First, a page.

Home Anchorage Press Releases 2011 Kenai Peninsula Woman Indicted by Federal Grand Jury for Felon in Possession of Firearm Charge

Kenai Peninsula Woman Indicted by Federal Grand Jury for Felon in Possession of Firearm Charge

U.S. Attorney’s Office November 18, 2011
  • District of Alaska (907) 271-5071

ANCHORAGE—United States Attorney Karen L. Loeffler announced that on November 17, 2011, a Kenai Peninsula woman was indicted by a federal grand jury in Anchorage, charging her with being a convicted felon in possession of a firearm.

The one-count indictment names Mary Ann Morgan, 64, as the sole defendant.

The indictment alleges that Morgan was convicted in 2001 in Homer, Alaska, of the state felony offense of custodial interference in the first degree—removal of child from state. The indictment further alleges that on October 27, 2011, Morgan, who as a convicted felon was prohibited from possessing a firearm, was found in possession of a handgun.

During a preliminary hearing held last week in Fairbanks, evidence was introduced showing that Morgan was found in possession of the firearm as she attempted to enter Canada from Alaska in a vehicle. She was denied entry into Canada and turned over by Canadian authorities to the Alaska State Troopers, who arrested her for a state offense. A criminal complaint was thereafter filed in federal court in Fairbanks charging Morgan with being a felon in possession of a firearm.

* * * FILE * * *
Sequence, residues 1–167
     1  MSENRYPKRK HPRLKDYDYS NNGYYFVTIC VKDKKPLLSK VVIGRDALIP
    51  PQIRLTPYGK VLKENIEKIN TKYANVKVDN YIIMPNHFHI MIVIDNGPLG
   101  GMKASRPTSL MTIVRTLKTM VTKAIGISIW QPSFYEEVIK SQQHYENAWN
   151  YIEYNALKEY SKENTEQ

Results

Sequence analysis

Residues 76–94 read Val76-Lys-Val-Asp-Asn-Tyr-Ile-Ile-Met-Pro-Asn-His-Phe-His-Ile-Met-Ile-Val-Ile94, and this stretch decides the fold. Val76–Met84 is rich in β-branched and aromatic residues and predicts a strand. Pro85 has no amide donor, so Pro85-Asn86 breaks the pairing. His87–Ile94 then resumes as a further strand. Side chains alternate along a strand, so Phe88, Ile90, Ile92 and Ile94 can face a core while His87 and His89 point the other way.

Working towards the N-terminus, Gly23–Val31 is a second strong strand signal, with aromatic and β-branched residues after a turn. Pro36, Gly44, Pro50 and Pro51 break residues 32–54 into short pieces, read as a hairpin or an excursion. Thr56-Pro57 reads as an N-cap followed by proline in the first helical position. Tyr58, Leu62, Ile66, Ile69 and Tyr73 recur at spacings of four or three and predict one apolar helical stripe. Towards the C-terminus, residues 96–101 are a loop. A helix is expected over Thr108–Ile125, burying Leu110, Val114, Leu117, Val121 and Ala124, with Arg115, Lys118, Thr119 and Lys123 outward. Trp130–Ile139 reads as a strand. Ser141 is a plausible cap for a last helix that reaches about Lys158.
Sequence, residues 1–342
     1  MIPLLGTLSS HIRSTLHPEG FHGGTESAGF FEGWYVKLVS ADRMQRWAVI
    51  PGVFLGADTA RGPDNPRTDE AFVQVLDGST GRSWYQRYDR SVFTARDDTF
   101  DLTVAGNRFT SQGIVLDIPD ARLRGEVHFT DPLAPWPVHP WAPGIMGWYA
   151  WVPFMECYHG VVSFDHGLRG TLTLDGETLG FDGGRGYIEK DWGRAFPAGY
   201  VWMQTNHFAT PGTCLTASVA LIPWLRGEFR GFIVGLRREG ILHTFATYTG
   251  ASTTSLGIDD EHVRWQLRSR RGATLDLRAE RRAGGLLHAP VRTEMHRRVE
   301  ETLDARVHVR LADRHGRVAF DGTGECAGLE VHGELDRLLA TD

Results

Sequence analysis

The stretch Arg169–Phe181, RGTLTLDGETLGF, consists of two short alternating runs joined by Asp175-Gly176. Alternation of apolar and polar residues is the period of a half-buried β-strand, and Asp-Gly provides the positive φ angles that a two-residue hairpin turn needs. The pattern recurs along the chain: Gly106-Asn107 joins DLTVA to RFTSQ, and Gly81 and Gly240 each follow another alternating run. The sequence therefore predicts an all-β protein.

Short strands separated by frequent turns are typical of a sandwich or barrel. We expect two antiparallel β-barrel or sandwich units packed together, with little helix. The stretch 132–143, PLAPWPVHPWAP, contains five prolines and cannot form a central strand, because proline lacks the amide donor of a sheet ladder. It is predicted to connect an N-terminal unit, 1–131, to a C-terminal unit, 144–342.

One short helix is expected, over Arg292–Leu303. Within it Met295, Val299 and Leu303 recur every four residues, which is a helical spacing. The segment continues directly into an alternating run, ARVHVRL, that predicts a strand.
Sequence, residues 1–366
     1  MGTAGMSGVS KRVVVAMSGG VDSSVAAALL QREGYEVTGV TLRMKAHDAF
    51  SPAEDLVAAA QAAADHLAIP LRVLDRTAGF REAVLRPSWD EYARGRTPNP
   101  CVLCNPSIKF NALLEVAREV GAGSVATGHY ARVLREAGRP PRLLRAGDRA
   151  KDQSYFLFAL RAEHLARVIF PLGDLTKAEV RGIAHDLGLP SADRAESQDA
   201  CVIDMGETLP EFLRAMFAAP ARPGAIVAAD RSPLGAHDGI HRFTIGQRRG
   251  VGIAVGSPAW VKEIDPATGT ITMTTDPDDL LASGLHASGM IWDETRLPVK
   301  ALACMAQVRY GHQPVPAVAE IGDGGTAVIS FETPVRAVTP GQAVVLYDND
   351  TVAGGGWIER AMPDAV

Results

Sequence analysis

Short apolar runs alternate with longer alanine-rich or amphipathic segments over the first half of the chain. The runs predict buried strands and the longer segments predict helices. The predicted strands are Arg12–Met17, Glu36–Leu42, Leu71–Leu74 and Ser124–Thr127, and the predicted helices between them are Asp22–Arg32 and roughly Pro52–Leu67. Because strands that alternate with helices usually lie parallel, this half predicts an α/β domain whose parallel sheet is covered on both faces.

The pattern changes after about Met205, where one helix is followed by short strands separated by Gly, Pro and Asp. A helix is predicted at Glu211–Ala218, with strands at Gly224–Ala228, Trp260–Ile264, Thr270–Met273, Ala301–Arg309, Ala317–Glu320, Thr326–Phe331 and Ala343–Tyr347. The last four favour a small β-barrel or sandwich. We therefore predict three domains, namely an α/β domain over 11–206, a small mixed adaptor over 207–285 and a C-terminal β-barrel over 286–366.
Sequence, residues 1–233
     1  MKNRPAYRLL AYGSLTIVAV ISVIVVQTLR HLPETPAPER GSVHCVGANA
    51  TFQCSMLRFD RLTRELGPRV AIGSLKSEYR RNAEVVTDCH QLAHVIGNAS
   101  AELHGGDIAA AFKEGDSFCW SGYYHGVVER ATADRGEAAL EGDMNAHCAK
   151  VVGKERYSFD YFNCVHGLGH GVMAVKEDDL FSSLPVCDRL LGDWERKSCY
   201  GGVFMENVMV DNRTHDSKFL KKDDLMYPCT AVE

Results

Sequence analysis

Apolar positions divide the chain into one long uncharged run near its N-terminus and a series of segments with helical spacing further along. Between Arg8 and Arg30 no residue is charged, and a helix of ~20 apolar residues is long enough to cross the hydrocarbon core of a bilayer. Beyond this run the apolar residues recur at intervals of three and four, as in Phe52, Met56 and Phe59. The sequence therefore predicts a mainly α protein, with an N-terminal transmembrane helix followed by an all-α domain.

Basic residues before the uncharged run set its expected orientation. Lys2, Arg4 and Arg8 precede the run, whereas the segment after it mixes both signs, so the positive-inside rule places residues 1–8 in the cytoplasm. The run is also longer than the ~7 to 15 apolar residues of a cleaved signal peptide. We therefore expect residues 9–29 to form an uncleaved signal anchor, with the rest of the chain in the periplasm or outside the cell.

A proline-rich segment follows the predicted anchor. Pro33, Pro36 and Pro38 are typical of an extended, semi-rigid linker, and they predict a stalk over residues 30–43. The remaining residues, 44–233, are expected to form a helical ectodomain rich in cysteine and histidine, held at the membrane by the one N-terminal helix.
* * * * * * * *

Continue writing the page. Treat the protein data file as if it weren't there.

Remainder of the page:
Assistant United States Attorneys Steven Skrocki and Joseph Bottini, who presented the case to the grand jury, indicated that the weapons charge carries a maximum penalty of 10 years in prison and a fine of up to $250,000, or both. Under federal sentencing statutes, the actual sentence imposed will be based upon the seriousness of the offense and the prior criminal history, if any, of the defendant. Morgan remains in custody pending trial. An arraignment date has not yet been set.

The FBI and the Alaska State Troopers coordinated to conduct the investigation leading to the indictment in this case.

An indictment is only a charge and is not evidence of guilt. A defendant is presumed innocent and is entitled to a fair trial at which the government must prove guilt beyond a reasonable doubt.